[RFC][PATCH 2/2] CR: handle a single task with private memory maps

Joseph Ruscio jruscio at evergrid.com
Wed Aug 6 08:41:10 PDT 2008

On Aug 5, 2008, at 9:20 AM, Oren Laadan wrote:

> Louis Rilling wrote:
>> On Mon, Aug 04, 2008 at 08:51:37PM -0700, Joseph Ruscio wrote:
>>> As somewhat of a tangent to this discussion, I've been giving some
>>> thought to the general strategy we talked about during the summit.  
>>> The
>>> checkpointing solution we built at Evergrid sits completely in  
>>> userspace
>>> and is soley focused on checkpointing parallel codes (e.g. MPI).  
>>> That
>>> approach required us to virtualize a whole slew of resources (e.g.  
>>> PIDs)
>>> that will be far better supported in the kernel through this  
>>> effort. On
>>> the other hand, there isn't anything inherent to checkpointing the  
>>> memory
>>> in a process that requires it to be in a kernel. During a restart,  
>>> you
>>> can map and load the memory from the checkpoint file in userspace as
>>> easily as in the kernel. Since the cost of checkpointing HPC codes  
>>> is
>> Hmm, for unusual mappings this may be not so easy to reproduce from
>> userspace if binaries are statically linked. I agree that with
>> dynamically linked applications, LD_PRELOAD allows one to record the
>> actual memory mappings and restore them at restart.
> I second that: unusual mapping can be hard to reproduce.
> Besides, several important optimization are difficult to do in user- 
> space,
> if at all possible:
> * detecting sharing (unless the application itself gives the OS an  
> advice -
> more on this below); In the kernel, this is detected easily using  
> the inode
> that represents a shared memory region in SHMFS
> * detecting (and restoring) COW sharing: process A forks process B,  
> so at
> least initially the private memory of both is the same via COW; this  
> can be
> optimized to save the memory of only one instead of both, and  
> restore this
> COW relationship on restart.

Both of these are possible from userspace, but agreeably more  
complicated. Also agree that statically linked binaries are not really  
feasible in user-space.

> * reducing checkpoint downtime using the COW technique that I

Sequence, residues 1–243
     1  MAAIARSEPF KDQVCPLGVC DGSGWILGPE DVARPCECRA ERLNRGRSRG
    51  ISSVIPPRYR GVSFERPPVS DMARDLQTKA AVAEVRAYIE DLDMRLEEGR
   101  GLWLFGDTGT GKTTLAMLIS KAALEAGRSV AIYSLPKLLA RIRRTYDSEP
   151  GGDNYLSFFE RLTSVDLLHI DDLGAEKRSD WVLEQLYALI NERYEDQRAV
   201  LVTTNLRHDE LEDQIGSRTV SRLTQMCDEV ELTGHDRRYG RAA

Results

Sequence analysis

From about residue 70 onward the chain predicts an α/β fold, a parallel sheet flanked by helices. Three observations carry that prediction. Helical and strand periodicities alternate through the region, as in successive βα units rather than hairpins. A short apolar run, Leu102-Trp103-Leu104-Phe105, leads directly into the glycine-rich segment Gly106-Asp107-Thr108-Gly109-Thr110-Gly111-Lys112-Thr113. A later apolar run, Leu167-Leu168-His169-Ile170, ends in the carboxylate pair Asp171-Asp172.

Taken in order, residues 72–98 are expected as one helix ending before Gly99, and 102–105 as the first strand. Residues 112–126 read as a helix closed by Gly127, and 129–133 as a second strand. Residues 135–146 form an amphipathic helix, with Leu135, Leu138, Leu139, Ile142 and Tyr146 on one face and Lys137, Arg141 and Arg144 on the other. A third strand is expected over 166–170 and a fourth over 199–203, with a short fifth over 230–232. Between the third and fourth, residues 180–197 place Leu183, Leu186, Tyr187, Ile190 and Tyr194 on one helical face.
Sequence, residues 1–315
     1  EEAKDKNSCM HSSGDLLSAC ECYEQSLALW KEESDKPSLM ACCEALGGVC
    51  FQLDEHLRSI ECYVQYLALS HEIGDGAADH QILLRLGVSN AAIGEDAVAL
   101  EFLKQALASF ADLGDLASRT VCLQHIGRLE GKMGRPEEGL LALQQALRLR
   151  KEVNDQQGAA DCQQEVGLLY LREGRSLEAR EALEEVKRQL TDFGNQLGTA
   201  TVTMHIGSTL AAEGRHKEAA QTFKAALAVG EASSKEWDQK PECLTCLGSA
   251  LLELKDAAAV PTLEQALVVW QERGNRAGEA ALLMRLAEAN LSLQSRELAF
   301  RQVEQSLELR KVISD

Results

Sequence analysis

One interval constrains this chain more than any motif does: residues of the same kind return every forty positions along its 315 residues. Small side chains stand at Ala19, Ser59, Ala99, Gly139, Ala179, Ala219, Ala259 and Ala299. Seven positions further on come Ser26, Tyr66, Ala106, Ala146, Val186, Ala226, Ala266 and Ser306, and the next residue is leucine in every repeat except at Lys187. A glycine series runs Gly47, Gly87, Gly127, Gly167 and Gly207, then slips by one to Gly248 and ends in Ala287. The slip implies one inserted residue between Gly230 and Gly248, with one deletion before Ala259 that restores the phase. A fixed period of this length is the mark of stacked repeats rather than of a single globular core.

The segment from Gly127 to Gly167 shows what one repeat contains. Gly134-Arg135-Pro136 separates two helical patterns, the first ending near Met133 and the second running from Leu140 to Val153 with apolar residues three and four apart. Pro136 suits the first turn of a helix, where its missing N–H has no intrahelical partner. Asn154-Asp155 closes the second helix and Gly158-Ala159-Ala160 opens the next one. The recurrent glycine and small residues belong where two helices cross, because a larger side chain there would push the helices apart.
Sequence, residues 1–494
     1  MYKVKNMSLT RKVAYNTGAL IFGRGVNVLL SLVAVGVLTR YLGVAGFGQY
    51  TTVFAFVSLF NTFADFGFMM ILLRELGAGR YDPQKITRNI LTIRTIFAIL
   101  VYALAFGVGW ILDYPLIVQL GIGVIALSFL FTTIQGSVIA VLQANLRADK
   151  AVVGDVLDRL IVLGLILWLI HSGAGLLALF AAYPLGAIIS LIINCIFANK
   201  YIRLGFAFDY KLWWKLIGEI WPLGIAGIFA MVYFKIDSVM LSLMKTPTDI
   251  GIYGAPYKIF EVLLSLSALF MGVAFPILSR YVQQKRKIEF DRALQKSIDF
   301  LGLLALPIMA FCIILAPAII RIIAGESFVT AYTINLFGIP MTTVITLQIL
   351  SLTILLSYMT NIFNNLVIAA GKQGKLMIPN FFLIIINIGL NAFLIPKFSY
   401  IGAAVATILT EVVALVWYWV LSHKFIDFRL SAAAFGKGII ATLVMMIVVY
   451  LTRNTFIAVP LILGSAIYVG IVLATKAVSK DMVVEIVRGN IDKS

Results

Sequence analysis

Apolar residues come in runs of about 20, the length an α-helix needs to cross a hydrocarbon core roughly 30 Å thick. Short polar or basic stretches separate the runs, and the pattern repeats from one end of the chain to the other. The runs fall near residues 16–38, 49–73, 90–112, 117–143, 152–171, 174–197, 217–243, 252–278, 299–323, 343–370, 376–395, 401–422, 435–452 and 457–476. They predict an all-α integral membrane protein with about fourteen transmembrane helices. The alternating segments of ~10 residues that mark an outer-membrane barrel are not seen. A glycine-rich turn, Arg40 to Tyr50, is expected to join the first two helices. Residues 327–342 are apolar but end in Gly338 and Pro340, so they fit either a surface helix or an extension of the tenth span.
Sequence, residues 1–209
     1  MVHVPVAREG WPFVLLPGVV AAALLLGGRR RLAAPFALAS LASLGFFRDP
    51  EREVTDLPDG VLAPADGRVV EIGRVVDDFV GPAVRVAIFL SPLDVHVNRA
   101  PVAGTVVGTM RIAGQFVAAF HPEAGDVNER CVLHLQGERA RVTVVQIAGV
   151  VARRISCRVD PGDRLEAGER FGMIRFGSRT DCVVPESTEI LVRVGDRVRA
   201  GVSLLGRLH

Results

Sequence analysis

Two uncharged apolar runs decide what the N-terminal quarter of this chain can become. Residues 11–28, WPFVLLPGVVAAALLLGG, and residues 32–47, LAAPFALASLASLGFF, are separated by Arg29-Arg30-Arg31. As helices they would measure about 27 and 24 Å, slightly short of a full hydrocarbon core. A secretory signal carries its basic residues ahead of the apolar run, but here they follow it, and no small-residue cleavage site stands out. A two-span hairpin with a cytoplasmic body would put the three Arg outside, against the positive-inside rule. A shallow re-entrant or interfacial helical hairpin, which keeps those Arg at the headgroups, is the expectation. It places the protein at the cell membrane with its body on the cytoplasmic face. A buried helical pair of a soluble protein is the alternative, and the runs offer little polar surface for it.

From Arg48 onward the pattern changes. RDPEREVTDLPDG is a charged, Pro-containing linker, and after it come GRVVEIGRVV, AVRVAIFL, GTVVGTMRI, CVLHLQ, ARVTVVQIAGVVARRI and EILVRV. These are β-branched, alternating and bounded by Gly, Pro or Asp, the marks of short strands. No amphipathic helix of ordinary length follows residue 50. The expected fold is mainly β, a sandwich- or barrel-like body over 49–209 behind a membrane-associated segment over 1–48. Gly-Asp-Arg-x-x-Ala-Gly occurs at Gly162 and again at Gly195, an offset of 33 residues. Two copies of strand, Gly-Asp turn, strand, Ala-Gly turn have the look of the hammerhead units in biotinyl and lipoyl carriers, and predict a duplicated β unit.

> described at
> the summit: when processes are frozen, mark all dirty pages COW and  
> keep a
> reference, and write-back the contents only after the container is  
> unfrozen.

Our user-space implementation already has a complete concurrent (i.e.  
COW) checkpointing implementation where the "freeze" period lasts only  
the length of time it takes to mprotect() the allocated memory  
regions. So I don't necessarily agree that these optimizations require  
kernel access.

> Eh... and, yes, live migration :)

  User-space live migration of a "batch" process e.g. one taking place  
in an MPI job is quite trivial. User-space live migration of something  
like a database is not that hard assuming you have a cooperative load  
balancer or proxy on the front end.

I'm not advocating for implementing this in user-space. I am in  
complete agreement that this effort should result in code that  
completely checkpoints a Container in the kernel. My question was  
whether there are situations where it would be advantageous for user- 
space to have the option of instructing/hinting the kernel to ignore  
certain resources that it would handle itself. Most of the use-cases  
I'm thinking of come from the different styles of implementations I've  
seen in the HPC space, where our implementation (and a lot of others)  
are focused.

MPI codes require coordination between all the different processes  
taking part to ensure that the checkpoints are globally consistent.  
MPI implementations that run on hardware such as Infiniband would most  
likely want the container checkpointing to ignore all of the pinned  
memory associated with the RDMA operations so that the coordination  
and recreation of MPI communicator state could be handled in user- 
space. When working with inflexible process checkpointers, MPI  
coordination routines often must completely teardown all communicator  
state prior to invoking the checkpoint, and then recreate all the  
communicators after the checkpoint. On very large scale jobs, this is  

As another example HPC applications can create local scratch files of  
several GB in /tmp. It may not be necessary to migrate these files,  
but if user-space has no way to mark a particular file, "local files",  
or files in general as being ignored, then we'll have to copy these  
during a migration or a checkpoint.

I don't suppose anyone is attending Linuxworld in San Francisco this  
week? I'd be more then happy to grab a coffee and talk about some of  
this. I stopped by the OpenVZ booth but none of the devs are around.


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